Sarah Martin

Sarah Martin


Mother, Pediatrician,
Founding Member of Threshold Choir,
Died Sunday, Oct. 24, 2010

Oct. 25, 2010
Dear Sisters,

Please join me in mourning the death of our dear sister Sarah Martin. She died yesterday, Sunday morning, surrounded by family and friends and her precious courageous daughter Katie. She was a cherished, trusted friend for me, an advisor and co-instigator, a wise woman I went to regularly for her deep generosity, her good ears and brave soul.

She learned of her terrible diagnosis in early August and I Skyped her from Thailand the next night when I saw her Skype light on at 3 in the AM. She couldn’t sleep having just learned she had very bad (out of the blue) cancer. We talked for a long time and she was wicked articulate and philosophical. We co-wrote a song…

The Struggle is Over
The struggle is over
I am who I am.
The struggle is over
I am enough.

I don’t know what the family is planning. I will let you know when I do. Until then, keep singing for her. And each other.

All blessings, flooded with tears.

During our retreat at Bishop’s Ranch in May 2010, I was deeply inspired by Sarah’s commitment to the Pachamama project. She was clearly a courageous woman passionate about the urgent needs of our planet and of humanity. I will honor her memory and her generous contribution to the well being of our planet by singing to her spirit. Blessings on Sarah and deepest sympathy to her family, friends and Threshold Choir sisters.
Yolanda Sanchez-Peterson
East Bay TC

I heard the news from Leah today.  We have been singing for her. I loved meeting her around singing for children at Shirley’s house and hearing her thoughtful, compassionate comments on doing that work.  Also appreciated her telling us about Pachamamma at gathering. A wonderful, sharp, caring woman. I am so sorry.

East Bay TC

Sarah Martin – In Memorium

Sarah came into my life in early 2010.  I was in the process of learning to facilitate a symposium called “Awakening the Dreamer/ Changing the Dream”.  I had committed to a weekend of training when I learned that Kate Munger’s mother had died and that a memorial service was being held on the same weekend.  I so wanted to be there for Kate, but I was informed the weekend training was mandatory; no exceptions. The person I spoke with mentioned that one of the trainers – Sarah Martin – was also a Threshold Choir member.

At the training, I was moved by Sarah’s gentleness, by her quiet strength and her warmth. Afterwards, Sarah and I would laugh, remembering how I stuck to her like glue that weekend. We both were sad about having to miss Kate’s memorial gathering for her mother.  But Sarah’s calm acceptance that she could only be in one place at a time, that Kate would understand, helped to soften my distress. I relaxed into the training and by the end of the weekend, I had come up with a creative solution to my dilemma.  I proposed to Sarah that we offer an Awakening the Dreamer symposium at the national gathering in honor of Kate and in memory of her mother. Sarah was delighted.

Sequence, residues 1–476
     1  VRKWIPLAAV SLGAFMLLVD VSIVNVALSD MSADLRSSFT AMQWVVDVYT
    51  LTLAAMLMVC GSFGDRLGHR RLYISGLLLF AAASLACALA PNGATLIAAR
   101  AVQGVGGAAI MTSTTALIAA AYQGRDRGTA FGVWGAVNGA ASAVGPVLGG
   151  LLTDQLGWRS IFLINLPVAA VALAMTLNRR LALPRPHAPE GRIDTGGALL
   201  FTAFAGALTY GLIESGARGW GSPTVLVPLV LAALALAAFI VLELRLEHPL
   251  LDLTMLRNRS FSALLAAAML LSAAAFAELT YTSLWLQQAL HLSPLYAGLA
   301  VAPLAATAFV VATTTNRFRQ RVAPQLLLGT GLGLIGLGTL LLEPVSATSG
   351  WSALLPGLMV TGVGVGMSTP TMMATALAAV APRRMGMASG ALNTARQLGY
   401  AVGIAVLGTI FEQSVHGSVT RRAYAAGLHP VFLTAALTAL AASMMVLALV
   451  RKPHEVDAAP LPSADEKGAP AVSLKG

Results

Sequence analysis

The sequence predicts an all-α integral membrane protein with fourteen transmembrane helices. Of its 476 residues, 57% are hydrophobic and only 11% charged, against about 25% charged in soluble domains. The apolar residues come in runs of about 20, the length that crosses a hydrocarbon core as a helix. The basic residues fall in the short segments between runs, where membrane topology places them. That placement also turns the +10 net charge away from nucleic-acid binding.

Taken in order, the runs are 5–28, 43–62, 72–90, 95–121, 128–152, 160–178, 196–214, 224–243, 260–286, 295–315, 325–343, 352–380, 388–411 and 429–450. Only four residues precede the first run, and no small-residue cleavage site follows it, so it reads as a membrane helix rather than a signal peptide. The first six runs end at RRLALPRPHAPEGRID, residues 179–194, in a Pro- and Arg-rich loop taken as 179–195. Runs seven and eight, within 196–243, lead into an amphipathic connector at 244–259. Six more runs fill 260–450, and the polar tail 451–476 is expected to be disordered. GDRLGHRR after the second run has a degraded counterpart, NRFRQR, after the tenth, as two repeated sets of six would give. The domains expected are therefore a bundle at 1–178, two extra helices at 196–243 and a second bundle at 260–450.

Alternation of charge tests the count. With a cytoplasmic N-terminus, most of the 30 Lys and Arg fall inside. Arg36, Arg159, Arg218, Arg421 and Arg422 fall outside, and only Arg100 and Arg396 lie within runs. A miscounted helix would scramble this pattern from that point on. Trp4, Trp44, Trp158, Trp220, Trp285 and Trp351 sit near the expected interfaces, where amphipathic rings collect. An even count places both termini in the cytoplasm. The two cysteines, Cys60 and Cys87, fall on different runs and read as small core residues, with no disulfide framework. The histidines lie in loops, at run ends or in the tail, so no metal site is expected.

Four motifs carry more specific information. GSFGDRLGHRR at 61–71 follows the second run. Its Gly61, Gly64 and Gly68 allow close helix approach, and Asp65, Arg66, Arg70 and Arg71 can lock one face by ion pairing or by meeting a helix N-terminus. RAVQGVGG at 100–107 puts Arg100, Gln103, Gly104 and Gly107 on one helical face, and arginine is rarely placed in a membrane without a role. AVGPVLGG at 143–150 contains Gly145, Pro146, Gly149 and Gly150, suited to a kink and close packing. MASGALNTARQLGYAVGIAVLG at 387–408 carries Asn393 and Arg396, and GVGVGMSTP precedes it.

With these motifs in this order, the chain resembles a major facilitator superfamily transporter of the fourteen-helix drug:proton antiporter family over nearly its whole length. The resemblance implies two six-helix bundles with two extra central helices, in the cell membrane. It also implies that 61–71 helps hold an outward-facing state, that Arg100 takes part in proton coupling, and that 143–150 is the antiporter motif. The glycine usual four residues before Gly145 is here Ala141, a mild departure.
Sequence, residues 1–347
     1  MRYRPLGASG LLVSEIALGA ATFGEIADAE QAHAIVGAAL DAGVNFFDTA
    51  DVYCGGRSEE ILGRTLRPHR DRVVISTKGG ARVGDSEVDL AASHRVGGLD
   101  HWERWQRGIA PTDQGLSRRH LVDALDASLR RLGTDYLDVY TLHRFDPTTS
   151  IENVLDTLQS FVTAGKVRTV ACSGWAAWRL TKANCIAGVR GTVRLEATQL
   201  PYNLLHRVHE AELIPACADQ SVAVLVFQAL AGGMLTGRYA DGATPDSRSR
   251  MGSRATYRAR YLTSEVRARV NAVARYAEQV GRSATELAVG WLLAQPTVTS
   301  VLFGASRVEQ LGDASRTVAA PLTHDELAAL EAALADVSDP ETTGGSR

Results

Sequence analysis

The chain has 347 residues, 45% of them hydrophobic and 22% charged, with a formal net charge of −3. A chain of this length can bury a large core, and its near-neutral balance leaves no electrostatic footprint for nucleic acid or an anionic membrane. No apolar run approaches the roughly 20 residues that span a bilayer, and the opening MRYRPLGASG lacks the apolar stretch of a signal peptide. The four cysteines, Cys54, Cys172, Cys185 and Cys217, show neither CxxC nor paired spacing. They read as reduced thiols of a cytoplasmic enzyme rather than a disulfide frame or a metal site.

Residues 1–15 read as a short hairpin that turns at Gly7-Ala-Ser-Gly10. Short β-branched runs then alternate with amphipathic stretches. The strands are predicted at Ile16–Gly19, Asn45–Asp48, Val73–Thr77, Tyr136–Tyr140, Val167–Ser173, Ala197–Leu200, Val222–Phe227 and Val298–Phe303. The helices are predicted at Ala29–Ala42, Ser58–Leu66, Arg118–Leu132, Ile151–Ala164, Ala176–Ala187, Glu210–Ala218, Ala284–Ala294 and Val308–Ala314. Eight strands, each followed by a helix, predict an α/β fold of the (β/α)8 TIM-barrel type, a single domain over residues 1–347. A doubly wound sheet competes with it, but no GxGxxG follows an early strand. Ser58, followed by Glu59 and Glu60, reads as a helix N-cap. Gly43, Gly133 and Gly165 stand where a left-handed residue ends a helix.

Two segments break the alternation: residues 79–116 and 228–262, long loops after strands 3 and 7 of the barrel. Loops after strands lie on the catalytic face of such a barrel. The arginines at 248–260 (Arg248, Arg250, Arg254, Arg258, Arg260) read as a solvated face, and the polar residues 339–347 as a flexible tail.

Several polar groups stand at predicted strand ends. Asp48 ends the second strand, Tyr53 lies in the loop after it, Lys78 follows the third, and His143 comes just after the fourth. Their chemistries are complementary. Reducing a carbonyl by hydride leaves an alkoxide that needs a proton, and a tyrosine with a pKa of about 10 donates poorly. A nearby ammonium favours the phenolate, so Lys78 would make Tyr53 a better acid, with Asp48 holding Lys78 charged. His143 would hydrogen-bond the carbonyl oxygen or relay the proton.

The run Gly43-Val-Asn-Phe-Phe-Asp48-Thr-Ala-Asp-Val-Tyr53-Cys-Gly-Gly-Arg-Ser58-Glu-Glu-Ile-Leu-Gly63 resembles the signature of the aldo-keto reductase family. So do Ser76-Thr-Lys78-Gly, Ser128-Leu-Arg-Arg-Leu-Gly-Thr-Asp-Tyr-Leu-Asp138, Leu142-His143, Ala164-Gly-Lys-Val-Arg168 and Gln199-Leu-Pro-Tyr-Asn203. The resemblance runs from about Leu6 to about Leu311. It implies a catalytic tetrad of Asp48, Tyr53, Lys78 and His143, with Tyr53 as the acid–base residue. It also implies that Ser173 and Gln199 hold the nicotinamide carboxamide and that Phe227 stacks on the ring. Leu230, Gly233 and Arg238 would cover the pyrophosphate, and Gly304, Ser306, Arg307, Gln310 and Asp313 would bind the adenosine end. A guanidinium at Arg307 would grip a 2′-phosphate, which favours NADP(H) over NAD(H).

I made two trips to Napa to prepare our symposium for the choir gathering. On my first visit to Sarah’s home, I arrived mid-afternoon, quite tired. Sarah invited me to take a catnap and within five minutes of my arrival, she had tucked me under a blanket on her sofa for a quick snooze.  This incident shows how easy it was to be real with Sarah, and how nurturing and accepting she could be.

Over the next several weeks, I learned something else about Sarah. In addition to our collaborative efforts, Sarah devoted many additional hours to modifying our program, interspersing it with Threshold songs, so that it would be smooth and polished and a perfect fit for the Threshold Choirmembers.  I was impressed with her desire to be impeccable.

Fast forward to the Bishop’s Ranch.  It was a joy to present the Awakening the Dreamer symposium at the national gathering with Sarah and Rosemary Gallagher.  We had indeed found a meaningful way to show our love for Kate and to honor her mother’s memory.  What I never imagined at the time, however, was that within five months, I would find myself searching for a meaningful way to honor Sarah’s memory.

Leah Fisher
East Bay TC

I loved sitting next to Sarah singing songs in her home in Napa with Kate and the women round singers. I mostly loved how our voices blended together so beautifully. I became intrigued with her involvement with the awakening the dreamer symposiums and felt compelled to experience it. Later, I discovered she too, had explored shamanic journeying. When I moved to Minnesota last summer, Sarah was the first friend to visit me. Her passion for the pachamama alliance inspired a presentation of the symposium at our local Unitarian chapel, and so after visiting a relative in Wisconsin, I was blessed with two visits from her. She loved the Navajo Song. What a bright light, inspired soul, and kind woman. I miss her deeply.

Linda Flanagan,
formerly of Napa TC

I was very moved to find out that our sister singer Sarah Martin had passed on.  I met her at a special workshop we had on children’s hospital issues at Shirley Weishaar’s home, on invitation of Kate.  She was very helpful, wise, and just the type of person who when she spoke, you made sure you listened.  The picture of her on the Beloved Sisters site is gorgeous, and this is how I will remember her.
I send very deep condolences to Kate and Sarah’s family and close friends.  She seemed to go way too early.

Helen Couture Rodriguez
East Bay TC